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Título: Molecular imaging: Bridging the gap between neuroradiology and neurohistology
Fecha de publicación: 2004
Editorial: Murcia : F. Hernández
ISSN: 0213-3911
Materias relacionadas: CDU::6 - Ciencias aplicadas::61 - Medicina
Palabras clave: Molecular imaging
Gadolinium
Resumen: Historically, in vivo imaging methods have largely relied on imaging gross anatomy. More recently it has become possible to depict biological processes at the cellular and molecular level. These new research methods use magnetic resonance imaging (MRI), positron emission tomography (PET), near-infrared optical imaging, scintigraphy, and autoradiography in vivo and in vitro. Of primary interest is the development of methods using MRI and PET with which the progress of gene therapy in glioblastoma (herpes simplex virus–thymidine kinase) and Parkinson’s disease can be monitored and graphically displayed. The distribution of serotonin receptors in the human brain and the duration of serotonin- receptor antagonist binding can be assessed by PET. With PET, it is possible to localize neurofibrillary tangles (NFTs) and ß-amyloid senile plaques (APs) in the brains of living Alzheimer disease (AD) patients. MR tracking of transplanted oligodendrocyte progenitors is feasible for determining the extent of remyelinization in myelin-deficient rats. Stroke therapy in adult rats with subventricular zone cells can be monitored by MRI. Transgene expression (ß-galactosidase, tyrosinase, engineered transferrin receptor) can also be visualized using MRI. Macrophages can be marked with certain iron-containing contrast agents which, through accumulation at the margins of glioblastomas, ameliorate the visual demarcation in MRI. The use of near-infrared optical imaging techniques to visualize matrix-metalloproteinases and cathepsin B can improve the assessment of tumor aggressiveness and angiogenesis-inhibitory therapy. Apoptosis could be detected using near-infrared optical imaging representation of caspase 3 activity and annexin B. This review demonstrates the need for neurohistological research if further progress is to be made in the emerging but burgeoning field of molecular imaging.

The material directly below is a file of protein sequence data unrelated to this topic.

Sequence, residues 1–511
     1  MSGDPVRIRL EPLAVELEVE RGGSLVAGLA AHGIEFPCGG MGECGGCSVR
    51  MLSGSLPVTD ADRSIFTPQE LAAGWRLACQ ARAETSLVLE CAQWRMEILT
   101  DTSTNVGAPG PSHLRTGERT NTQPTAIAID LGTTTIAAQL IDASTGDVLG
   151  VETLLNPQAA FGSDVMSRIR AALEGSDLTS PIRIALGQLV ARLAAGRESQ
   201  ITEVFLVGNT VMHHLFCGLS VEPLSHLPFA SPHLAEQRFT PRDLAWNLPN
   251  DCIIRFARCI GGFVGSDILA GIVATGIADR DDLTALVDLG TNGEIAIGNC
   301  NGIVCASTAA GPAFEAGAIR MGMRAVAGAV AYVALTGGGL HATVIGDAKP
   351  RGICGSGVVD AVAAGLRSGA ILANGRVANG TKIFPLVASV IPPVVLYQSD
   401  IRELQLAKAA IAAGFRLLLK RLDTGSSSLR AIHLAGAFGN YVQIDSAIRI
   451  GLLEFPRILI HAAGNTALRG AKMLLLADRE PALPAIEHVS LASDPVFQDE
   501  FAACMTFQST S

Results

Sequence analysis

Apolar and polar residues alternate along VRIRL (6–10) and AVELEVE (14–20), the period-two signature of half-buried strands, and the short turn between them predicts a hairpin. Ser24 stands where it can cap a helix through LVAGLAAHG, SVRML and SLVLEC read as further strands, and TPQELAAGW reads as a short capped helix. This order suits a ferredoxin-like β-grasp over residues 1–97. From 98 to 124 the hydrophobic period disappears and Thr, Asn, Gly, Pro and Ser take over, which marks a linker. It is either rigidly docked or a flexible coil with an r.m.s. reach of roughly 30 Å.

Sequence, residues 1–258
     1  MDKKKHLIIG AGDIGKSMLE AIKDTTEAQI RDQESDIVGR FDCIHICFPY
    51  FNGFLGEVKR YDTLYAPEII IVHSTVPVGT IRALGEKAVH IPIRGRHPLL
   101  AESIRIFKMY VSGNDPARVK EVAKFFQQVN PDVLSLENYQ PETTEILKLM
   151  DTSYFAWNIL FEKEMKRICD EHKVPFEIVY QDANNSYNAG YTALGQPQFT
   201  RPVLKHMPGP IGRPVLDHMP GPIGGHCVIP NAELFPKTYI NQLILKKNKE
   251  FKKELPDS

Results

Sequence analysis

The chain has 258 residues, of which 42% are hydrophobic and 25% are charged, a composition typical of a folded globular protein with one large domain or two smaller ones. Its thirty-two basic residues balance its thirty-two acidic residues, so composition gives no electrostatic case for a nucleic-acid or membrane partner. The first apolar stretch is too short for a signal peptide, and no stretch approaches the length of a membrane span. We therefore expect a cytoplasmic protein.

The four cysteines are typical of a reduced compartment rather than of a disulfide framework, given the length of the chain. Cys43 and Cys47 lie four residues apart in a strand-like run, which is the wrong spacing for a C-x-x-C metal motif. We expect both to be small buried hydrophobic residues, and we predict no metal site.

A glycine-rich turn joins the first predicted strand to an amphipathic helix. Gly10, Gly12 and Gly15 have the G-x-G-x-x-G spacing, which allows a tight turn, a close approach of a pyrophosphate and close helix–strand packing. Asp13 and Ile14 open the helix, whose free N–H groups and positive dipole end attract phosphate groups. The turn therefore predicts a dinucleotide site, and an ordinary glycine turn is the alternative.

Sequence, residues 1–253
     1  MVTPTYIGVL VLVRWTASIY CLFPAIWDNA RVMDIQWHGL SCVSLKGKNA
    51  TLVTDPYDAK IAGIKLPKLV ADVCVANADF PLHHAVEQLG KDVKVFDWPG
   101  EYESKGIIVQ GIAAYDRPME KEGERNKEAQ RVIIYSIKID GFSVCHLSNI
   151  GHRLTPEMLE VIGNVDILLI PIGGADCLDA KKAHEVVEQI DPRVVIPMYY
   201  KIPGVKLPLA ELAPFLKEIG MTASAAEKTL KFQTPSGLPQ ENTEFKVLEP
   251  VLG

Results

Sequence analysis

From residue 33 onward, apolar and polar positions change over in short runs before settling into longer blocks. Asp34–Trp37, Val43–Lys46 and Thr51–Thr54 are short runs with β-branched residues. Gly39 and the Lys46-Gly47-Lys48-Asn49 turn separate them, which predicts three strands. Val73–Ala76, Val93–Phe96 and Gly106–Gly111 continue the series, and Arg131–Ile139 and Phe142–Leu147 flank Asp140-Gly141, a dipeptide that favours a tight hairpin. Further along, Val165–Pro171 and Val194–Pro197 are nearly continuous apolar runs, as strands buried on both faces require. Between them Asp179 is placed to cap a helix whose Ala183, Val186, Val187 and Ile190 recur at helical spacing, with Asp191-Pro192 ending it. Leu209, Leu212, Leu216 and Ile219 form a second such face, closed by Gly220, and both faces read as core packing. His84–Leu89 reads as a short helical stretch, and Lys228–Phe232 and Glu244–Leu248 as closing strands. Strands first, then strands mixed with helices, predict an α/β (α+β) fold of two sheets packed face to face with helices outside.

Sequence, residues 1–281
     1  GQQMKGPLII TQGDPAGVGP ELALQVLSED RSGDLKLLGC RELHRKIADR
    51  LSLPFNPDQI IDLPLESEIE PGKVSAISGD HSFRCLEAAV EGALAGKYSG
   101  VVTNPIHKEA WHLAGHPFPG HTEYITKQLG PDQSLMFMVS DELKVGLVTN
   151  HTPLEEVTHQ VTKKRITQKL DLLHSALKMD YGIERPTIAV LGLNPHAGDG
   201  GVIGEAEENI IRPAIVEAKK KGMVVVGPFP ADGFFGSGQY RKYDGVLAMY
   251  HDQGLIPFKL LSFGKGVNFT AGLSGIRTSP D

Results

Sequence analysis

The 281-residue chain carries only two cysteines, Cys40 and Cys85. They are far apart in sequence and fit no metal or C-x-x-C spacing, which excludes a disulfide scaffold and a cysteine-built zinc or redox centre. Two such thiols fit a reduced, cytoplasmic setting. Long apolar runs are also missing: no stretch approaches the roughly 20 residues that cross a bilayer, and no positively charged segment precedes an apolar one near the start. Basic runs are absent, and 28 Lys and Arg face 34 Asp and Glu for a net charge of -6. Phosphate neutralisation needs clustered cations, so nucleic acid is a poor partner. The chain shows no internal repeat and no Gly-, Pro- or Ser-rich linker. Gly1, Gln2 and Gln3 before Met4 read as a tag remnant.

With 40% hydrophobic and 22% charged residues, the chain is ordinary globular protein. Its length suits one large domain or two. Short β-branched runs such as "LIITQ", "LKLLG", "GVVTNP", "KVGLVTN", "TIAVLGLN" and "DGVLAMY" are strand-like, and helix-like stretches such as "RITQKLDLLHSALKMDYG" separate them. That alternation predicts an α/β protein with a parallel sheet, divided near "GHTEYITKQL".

Autor/es principal/es: Heckl, S.
Pipkorn, R.
Nägele, T.
Vogel, U.
Küker, W.
Voigt, K.
Publicado en: Histology and histopathology
URI: http://hdl.handle.net/10201/21574
Tipo de documento: info:eu-repo/semantics/article
Número páginas / Extensión: 18
Derechos: info:eu-repo/semantics/openAccess
Aparece en las colecciones:Vol.19, nº 2 (2004)

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